|CPDS Home Contact||Professionalism: Chronological Summary|
9 December 2005
Dr Scott Prasser
Overcoming Official Incompetence
I would like to make some suggestions concerning your recent proposal for ending the poor decisions, bungled projects and waste of public money that result from appointing incompetent public officials.
Your article suggested trying to ensure that, though senior officials might be politically partisan, they should at least be competent.
The issue you raised is important. For example, the financial cost of de-skilling on Queensland's increasingly dysfunctional and crisis prone public sector is becoming significant (see Evidence of a Problem). Moreover, as your article correctly noted, the problem is by no means limited to any one government (see also Decay of Australian Public Administration).
However the particular options that your article suggested would be unlikely to work because official incompetence seems to be a systemic consequence of political control of official appointments and working conditions. The problem seems to be that:
The Westminster tradition, which was developed in the UK in the mid 19th century and Queensland / Australia then inherited, incorporated under-stated protections against such problems (eg an independent professional Public Service, and other institutions to limit the power of elected politicians). However problems re-emerged when that system was (accidentally?) demolished.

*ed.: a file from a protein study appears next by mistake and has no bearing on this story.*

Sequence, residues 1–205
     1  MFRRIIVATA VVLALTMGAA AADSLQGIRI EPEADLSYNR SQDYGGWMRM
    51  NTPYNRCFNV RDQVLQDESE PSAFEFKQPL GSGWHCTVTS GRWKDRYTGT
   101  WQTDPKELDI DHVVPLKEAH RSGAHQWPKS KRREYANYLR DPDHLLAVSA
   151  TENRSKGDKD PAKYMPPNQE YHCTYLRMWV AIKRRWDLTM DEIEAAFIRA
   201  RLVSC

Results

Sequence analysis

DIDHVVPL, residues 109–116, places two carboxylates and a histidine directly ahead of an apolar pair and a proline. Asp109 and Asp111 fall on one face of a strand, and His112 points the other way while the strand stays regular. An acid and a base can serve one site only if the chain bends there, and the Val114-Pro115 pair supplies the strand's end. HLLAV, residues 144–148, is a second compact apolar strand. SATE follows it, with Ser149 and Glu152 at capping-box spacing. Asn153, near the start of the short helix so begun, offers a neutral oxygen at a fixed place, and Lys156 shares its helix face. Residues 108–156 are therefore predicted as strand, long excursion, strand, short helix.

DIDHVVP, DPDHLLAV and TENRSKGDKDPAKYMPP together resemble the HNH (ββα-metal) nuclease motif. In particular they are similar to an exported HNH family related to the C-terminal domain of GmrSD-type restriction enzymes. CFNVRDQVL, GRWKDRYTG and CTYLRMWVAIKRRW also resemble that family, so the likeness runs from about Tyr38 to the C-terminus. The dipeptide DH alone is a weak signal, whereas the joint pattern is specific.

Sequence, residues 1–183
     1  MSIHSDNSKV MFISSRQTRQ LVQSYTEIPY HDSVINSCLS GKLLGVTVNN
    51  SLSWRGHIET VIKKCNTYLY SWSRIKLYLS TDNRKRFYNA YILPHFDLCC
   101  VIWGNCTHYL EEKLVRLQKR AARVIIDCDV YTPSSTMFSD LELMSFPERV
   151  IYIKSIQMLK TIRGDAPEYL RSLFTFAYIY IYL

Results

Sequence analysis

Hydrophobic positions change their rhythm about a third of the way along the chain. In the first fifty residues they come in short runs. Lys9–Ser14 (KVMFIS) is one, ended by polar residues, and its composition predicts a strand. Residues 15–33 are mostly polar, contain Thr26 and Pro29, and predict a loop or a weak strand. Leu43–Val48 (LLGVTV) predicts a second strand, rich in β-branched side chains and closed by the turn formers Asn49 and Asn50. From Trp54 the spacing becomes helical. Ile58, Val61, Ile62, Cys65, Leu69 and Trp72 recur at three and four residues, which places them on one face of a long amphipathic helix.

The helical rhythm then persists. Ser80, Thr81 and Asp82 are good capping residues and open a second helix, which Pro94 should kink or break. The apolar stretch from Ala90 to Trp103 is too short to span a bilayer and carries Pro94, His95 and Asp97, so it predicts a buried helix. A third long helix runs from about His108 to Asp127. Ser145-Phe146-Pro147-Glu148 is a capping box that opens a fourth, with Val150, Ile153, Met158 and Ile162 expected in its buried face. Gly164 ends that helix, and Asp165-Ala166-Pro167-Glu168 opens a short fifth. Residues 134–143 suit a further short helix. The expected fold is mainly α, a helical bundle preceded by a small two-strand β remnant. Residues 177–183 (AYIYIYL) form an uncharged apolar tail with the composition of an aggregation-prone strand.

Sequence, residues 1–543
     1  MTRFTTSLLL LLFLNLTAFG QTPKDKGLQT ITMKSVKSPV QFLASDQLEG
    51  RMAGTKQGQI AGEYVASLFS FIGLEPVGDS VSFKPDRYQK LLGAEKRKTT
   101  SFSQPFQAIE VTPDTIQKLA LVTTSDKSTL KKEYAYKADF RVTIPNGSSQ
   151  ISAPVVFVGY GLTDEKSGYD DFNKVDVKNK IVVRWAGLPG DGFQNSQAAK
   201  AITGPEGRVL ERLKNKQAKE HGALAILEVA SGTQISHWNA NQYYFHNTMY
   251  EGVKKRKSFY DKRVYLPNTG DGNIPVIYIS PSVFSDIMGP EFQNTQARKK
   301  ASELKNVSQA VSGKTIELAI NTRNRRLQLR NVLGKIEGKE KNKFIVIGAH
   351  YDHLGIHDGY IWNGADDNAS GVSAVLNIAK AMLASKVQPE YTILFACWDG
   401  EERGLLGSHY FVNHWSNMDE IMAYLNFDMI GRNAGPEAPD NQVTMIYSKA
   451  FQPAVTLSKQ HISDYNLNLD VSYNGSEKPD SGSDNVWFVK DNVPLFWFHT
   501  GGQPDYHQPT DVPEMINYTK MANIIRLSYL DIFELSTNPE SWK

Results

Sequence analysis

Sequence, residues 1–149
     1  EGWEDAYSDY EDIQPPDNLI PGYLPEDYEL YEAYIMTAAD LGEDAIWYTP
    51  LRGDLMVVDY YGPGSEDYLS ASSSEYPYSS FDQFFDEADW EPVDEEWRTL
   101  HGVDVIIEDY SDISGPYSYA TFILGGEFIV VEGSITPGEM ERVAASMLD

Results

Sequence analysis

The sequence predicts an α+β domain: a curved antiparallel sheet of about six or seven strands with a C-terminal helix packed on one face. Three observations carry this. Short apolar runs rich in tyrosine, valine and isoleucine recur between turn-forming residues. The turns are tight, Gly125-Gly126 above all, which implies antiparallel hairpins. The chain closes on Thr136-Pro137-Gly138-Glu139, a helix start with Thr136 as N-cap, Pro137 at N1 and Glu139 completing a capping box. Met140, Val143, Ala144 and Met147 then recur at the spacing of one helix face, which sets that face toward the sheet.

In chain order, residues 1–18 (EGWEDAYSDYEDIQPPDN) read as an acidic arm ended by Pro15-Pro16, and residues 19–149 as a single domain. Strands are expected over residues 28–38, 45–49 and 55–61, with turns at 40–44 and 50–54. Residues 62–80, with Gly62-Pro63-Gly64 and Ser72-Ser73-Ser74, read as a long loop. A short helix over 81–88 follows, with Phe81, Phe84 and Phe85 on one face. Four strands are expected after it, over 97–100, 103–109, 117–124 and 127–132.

While the US has had more success with appointment of what you labelled 'merit-cronies', Queensland's / Australia's situation is much different because of the local lack of institutions in which potential 'merit-cronies' could gain the required knowledge / experience (see Deficiencies in Opposition's Approach to Senior Public Service Appointments). Moreover the US system of partisan official appointments seems to be contributing to ineffective action in the war against terror (ie action focused primarily on military rather than civil options), and to increasingly widespread concern about top-level official incompetence in US government. Future credibility and more effective performance probably requires a shift by the US to a more professional and independent Public Service system.
The consequence of shifting from a professional to an amateur Public Service in Queensland and elsewhere have been repeatedly pointed out to all Members of the Legislative Assembly for over a decade (see Chronological Summary). However MLAs generally have not wanted to to hear about either the resulting abuses or the practical failures - presumably because those problems imply that there has to be more to effective government than getting electoral support and autocratically issuing instructions. The problem of loss of official competence was also highlighted to the Queensland Council of Professions in 2003. However, while the members of the Council seemed to agree that there was a problem, they did not know what to do about it.
The challenge is to develop the institutional capability to acquire and retain the necessary competencies. One way to do this effectively would be through re-creation of an independent professional Public Service. Significant improvements in the competence and coherence of Queensland's Public Service were made in the 1970s when this issue was taken seriously. Unfortunately in the 1980s the 'ship of state' was allowed to drift and ultimately crashed into rocks in the late 1980s. It was then hauled onto a sandbank for repairs - and has lain there slowly rusting ever since.